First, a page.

Seaweed, more scientifically known as marine algae, can be found throughout the oceans of the world. There are more than 9,000 species of algae, of which seaweeds contribute a large part. Each species has its own unique characteristics but they are generally divided into three main categories: green, brown and red algae. These seaweed types can be found growing at different depths. The effects of light conditions, and in turn photosynthesis, play an important role in their development.
Green seaweeds are generally found in the intertidal zone, the area between the high and low water mark. Green seaweeds are very reliant on photosynthesis, needing plenty of light in order to grow. This makes shallow water the perfect environment for green seaweed. This is the least species-rich of the three seaweed types. Common types of green seaweed include the sea lettuce, gut weed and sea rimu. These are the types of seaweed that beachgoers will often find washed up on the sand.
Brown seaweed grows at greater depths than green seaweed but not as deep as red seaweed. These seaweeds can normally be found growing at depths of 50 to 75 feet. Brown seaweeds are generally larger than the greens, with the largest varieties commonly known as kelps. Approximately 2,000 species of brown algae have been recorded, a large majority of which are marine algae, or seaweeds. Neptune's Necklace is one of the most recognisable brown seaweeds, identifiable by the series of water-filled bladders or bubbles that help it to survive when out of the water. Brown seaweeds are found in both temperate and polar regions.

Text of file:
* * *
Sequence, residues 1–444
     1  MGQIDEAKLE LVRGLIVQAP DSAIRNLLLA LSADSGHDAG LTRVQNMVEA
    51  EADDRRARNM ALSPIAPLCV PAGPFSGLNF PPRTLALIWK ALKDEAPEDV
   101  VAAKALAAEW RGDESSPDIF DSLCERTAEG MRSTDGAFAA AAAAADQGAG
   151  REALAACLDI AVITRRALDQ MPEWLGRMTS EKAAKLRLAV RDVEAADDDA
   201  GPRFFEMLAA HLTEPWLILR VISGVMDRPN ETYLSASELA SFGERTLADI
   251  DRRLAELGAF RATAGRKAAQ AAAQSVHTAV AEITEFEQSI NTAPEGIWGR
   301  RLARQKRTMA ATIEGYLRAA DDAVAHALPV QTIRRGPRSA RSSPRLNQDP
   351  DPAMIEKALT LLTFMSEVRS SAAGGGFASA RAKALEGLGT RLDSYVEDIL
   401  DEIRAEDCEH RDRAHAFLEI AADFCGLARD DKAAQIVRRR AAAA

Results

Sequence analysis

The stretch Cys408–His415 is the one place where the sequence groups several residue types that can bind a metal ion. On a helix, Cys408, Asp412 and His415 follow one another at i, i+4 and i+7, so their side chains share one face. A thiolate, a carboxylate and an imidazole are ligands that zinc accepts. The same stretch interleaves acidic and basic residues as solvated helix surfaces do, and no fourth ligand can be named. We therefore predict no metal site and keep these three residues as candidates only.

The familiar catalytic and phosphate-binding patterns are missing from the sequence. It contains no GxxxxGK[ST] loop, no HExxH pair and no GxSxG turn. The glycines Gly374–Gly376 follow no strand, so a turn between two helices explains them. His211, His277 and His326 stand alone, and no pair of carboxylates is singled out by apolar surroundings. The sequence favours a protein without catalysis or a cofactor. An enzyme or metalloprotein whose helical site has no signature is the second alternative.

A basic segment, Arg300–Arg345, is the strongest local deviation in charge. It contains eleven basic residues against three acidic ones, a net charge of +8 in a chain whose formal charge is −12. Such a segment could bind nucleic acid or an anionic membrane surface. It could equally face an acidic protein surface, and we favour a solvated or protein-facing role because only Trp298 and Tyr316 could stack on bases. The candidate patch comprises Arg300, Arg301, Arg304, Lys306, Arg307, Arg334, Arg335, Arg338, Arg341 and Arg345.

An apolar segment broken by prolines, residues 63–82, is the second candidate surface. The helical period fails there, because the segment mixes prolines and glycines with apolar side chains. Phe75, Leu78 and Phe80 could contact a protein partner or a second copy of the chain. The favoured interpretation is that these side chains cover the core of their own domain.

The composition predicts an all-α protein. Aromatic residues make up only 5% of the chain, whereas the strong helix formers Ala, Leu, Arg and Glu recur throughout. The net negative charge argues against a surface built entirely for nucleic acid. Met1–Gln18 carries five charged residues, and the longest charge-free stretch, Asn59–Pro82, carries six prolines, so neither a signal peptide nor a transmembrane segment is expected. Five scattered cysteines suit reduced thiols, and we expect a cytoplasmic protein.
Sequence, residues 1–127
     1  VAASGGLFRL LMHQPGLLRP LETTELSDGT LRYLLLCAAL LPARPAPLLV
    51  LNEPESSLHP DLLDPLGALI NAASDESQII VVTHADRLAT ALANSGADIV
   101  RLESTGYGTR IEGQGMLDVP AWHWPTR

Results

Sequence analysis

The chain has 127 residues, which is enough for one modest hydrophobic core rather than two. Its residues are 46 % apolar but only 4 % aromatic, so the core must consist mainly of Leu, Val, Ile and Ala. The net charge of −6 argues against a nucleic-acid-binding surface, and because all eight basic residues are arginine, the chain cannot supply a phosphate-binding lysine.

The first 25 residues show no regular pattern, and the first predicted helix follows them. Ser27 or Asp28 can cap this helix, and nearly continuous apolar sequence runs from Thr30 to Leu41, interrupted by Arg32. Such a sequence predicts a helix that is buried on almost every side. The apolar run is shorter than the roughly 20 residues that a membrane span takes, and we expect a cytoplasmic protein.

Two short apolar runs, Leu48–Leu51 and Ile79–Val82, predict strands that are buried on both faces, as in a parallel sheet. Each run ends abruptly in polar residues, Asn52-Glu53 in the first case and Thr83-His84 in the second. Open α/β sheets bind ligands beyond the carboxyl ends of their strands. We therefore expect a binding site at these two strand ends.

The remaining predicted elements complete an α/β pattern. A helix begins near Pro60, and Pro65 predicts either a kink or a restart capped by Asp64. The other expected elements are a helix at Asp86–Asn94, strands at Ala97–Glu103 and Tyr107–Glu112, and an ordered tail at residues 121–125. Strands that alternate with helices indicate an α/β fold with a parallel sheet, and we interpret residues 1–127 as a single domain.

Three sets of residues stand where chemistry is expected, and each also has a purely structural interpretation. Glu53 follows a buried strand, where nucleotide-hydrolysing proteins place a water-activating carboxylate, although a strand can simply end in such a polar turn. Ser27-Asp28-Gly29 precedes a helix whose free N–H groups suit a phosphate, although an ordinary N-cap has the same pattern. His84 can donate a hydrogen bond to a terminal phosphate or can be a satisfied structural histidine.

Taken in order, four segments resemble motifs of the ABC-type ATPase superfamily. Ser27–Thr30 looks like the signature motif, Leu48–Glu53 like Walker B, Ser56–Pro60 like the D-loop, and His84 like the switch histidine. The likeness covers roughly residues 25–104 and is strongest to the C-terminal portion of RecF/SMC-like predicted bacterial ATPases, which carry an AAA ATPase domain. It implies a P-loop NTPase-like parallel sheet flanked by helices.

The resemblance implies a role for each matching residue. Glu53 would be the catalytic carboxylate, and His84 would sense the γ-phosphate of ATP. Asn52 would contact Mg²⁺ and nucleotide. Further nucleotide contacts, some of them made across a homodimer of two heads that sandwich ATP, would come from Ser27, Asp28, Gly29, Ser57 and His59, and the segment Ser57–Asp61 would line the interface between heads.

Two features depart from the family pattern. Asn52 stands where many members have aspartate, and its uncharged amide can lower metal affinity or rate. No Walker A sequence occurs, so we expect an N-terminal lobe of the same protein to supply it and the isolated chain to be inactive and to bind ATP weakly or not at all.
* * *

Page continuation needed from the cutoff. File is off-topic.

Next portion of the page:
The red seaweed category is the largest and most species-rich of the three seaweed groups. Red seaweeds grow at deeper levels than other seaweed types; they are adapted to photosynthesise in deep waters where light levels are significantly lower. In clear waters, red seaweed can be found growing at depths of more than 650 feet. However, they can also survive and flourish in shallower waters and rock pools if sufficient shade is available.
Seaweeds are sometimes classified by their use. Such classifications include food, fertiliser, medicinal, commercial and industrial categories. Seaweed is perhaps best known for its edible varieties, particularly in Japanese sushi dishes. Agar, a food additive often used in confectionery and desserts, is also extracted from seaweed. For agricultural purposes, seaweed is an effective organic fertiliser. It is also an ingredient in commercial beauty products such as moisturising creams and lotions.
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